Cities without landmarks
Niagara Falls, U.S./Canada
I’m loving these letters about creative problems. Keep ‘em comin’!
I’m an art director/graphic designer and have more than quite a few years experience behind me, as well as a BFA. I am capable and qualified to do what I do. I have active memberships in national professional organizations, and work on staying current in my constantly changing-by-the-minute field.
Over these many years I have always donated my time and talents when asked by various nonprofits, schools, communities and churches. I enjoy seeing something succeed because of my efforts and having that going to the greater good (posters, fliers, logos, ad campaigns, banners, T-shirts, teaching, promotional efforts of all kinds, you name it and they’ve asked for it).
As of January I decided to put a moratorium on my professional services for anything that does not involve pay.
Let me say this: The people who sincerely appreciate what I can contribute through these volunteer efforts are the only reason that I have continued to this point. On the other hand, the bevy of comments that I have heard of late is flabbergasting. They are irrelevant, off-base and sometimes just mean.
While this can happen with paid work, it is just that: paid work. I’m open to constructive criticism and direction, but I also need to do work to keep the lights on. I can’t spend thousands of hours anymore on something for free and take abuse like this. Lately I want to yell at them only two words — no, not those two words, but it’s tempting — these two words: “IT’S FREE.” (OK, and this too: “It’s better than anything you all could have produced in your Microsoft Word v.2004 times a thousand.”)
I’m also noticing a level of greed and hubris that I find appalling. When I see copyright violation of what I produced for an event (for example, using the artwork on other collateral that was prohibited in my pro-bono written agreement with them). If they wanted to use it in other pieces they should have stated that. I’m saddened, to say the least. It’s not worth going after them because what would come of it? It’s already out there and they’re broke or they wouldn’t need the donation.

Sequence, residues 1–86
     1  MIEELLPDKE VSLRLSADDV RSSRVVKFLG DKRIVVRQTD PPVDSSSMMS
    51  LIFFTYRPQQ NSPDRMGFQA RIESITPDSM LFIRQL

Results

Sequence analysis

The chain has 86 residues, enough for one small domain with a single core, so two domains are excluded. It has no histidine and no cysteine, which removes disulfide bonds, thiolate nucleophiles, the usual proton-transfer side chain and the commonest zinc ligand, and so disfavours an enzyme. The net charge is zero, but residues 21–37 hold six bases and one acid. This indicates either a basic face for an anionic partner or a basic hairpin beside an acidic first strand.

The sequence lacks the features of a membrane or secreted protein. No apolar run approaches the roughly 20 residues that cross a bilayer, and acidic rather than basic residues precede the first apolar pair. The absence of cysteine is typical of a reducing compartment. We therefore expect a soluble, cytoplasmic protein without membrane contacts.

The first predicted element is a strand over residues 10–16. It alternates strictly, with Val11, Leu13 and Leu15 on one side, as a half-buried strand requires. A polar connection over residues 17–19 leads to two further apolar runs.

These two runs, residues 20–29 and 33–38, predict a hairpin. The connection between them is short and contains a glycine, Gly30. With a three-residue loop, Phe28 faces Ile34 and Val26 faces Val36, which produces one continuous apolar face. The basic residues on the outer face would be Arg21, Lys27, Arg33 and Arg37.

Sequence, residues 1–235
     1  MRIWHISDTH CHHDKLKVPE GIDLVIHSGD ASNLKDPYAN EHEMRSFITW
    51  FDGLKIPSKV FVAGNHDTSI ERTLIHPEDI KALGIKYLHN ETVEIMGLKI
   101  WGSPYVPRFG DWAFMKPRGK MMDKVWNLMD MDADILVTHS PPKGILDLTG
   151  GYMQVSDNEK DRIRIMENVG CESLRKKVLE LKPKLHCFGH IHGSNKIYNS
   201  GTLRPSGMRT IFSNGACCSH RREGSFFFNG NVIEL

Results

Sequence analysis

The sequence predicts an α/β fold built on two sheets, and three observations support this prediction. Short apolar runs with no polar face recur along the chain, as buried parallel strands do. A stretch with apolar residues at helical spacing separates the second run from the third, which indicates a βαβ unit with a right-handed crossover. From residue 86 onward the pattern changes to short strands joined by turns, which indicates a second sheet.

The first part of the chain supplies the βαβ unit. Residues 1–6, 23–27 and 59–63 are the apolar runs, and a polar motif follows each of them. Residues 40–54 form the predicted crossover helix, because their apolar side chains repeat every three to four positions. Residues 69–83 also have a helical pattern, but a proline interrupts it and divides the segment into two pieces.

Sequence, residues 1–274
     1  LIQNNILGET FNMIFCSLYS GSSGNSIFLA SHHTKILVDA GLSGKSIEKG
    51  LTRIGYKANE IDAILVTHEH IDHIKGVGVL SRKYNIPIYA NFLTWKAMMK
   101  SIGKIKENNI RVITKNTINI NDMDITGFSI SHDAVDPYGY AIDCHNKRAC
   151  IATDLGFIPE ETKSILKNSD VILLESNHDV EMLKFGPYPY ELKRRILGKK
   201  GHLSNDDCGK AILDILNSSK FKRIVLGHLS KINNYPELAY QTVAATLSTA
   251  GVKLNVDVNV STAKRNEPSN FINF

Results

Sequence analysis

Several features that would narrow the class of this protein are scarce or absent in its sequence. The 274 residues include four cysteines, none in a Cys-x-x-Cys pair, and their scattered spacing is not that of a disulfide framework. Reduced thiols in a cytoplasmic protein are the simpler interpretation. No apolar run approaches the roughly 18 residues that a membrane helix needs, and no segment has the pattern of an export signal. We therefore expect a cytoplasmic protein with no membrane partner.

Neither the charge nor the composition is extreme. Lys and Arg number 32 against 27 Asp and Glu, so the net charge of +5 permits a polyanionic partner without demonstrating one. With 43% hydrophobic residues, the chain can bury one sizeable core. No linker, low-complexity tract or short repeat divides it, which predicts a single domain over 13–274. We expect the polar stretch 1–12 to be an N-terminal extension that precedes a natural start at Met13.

They keep coming back for more (and sending their friends). In an effort to deal with this issue, I have scaled back over the past two years. But now, as I mentioned above, I am quitting entirely.
While this as a whole is not a new struggle, is it now part of the warped Facebook era we live in (“dislike!”)? Is everyone a “professional writer” because they have a computer? Is everyone a “professional photographer” because of Instagram? Is everyone a “typographer” because they think they know what the word “font” means? Are we all now qualified to abuse another’s area of creative experience?
What are your thoughts, Cary? Does volunteering my creativity, skills and expertise make my efforts worth less?
Grumpy Cat (harrumpf)
p.s. On a positive note, my compliments to the illustrator who did your caricature gracing the column. The line work is sublime and I’ve always especially loved the eyebrows. (Note from Cary: Zach Trenholm did the eyebrows with X’s because at the time the column was running in Salon’s “sex” department.-ct)
Dear Grumpy Cat,
Harrumpf indeed. You raise many interesting points. At the risk of oversimplifying, since I am on deadline, I’ll just take one issue and go crazy. I am glad you have imposed a moratorium on your pro-bono work. This is for the rest of the workers out there who are being taken advantage of: